French fishermen blockade Calais over electric pulse fishing
French fishermen protesting losses caused by electric pulse fishing in the North Sea blockaded the port of Calais on Thursday, backing up traffic on one of Europe’s busiest shipping routes.
A dozen fishing trawlers blocked access to the quayside in Calais, France’s biggest passenger port, causing delays for travellers and hauliers on the other side of the Channel.
Pulse fishing involves fitting nets with electrodes and pulling them above the seabed. The electric current sends shocks through the sediment, forcing the fish up out of the sand into the trawler’s nets.
The method is widely used by Dutch vessels fishing for sole, raising the hackles of the French, who say it harms fish stocks, even though less than one percent of European trawlers use it.
“The Dutch have wrecked the sea. There are no more fish,” said Christian Dubois, the Calais based representative of a fishing industry body.
A spokeswoman for P said two car ferries were waiting in the English port of Dover to cross and two others were stuck in Calais.
Danish shipping company DFDS, which also runs ferries between France and Britain, said two of its vessels were delayed in Dover and one in Calais.
P was directing some customers towards the Channel tunnel while DFDS was rerouting some of its ferries through the French port of Dunkirk, about 30 kilometres (20 miles) north of Calais.
Access to Boulogne sur Mer, France’s biggest fishing port, about 30 kilometres southwest of Calais, was also disrupted.
A spokeswoman for P said two car ferries were waiting in the English port of Dover to cross and two others were stuck in Calais
Two French trawlers blockaded access to the part of the port where Dutch vessels unload their catches and a dozen fishermen blocked a main road leading to the port.
DFDS France’s director of operations, Sebastien Douvry, warned that the blockade in Calais would leave truckers vulnerable to migrants who mob lorries and try to climb aboard in order to smuggle into Britain.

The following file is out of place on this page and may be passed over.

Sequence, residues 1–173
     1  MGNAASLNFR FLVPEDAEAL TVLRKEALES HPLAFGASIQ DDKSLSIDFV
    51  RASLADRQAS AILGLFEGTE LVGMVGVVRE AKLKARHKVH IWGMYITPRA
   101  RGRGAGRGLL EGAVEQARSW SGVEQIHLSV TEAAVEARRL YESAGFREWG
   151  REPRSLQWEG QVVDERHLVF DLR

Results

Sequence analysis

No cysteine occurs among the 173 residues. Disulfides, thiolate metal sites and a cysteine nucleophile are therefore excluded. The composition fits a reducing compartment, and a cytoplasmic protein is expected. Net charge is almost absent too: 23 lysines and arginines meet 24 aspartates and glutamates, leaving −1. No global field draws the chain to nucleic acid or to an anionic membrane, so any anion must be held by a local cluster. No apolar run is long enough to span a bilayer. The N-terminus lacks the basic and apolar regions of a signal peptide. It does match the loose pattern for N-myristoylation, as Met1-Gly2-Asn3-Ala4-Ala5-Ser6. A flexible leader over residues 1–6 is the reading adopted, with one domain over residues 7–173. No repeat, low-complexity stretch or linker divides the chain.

Culinary cause celebre
Pulse fishing has become a cause celebre in France, prompting a boycott by 200 top European chefs of seafood netted using the technique.
French environmentalists allege that pulse fishing produces catches of poor quality and leaves the fish bruised claims disputed by the Dutch, who invented the experimental trawling method.
Dubois demanded 30,000 euros in state aid per French trawler over three years to offset the alleged impact on fish stocks.
European institutions are at odds over the issue, with the EU’s commissioner for fisheries arguing that the use of electric currents is safer for the environment than methods that plough up the seabed.
Under current EU rules, member states can equip up to five percent of their fleets with electrodes.
Some 84 Dutch boats use the practice, alongside three Belgian vessels.
But this month the European Parliament defied Brussels, which wants to extend the practice, by calling for an outright ban.
The parliament, the EU’s only directly elected body, will now try to strike a compromise with the European Commission, the bloc’s executive, and the European Council, which groups the 28 member states.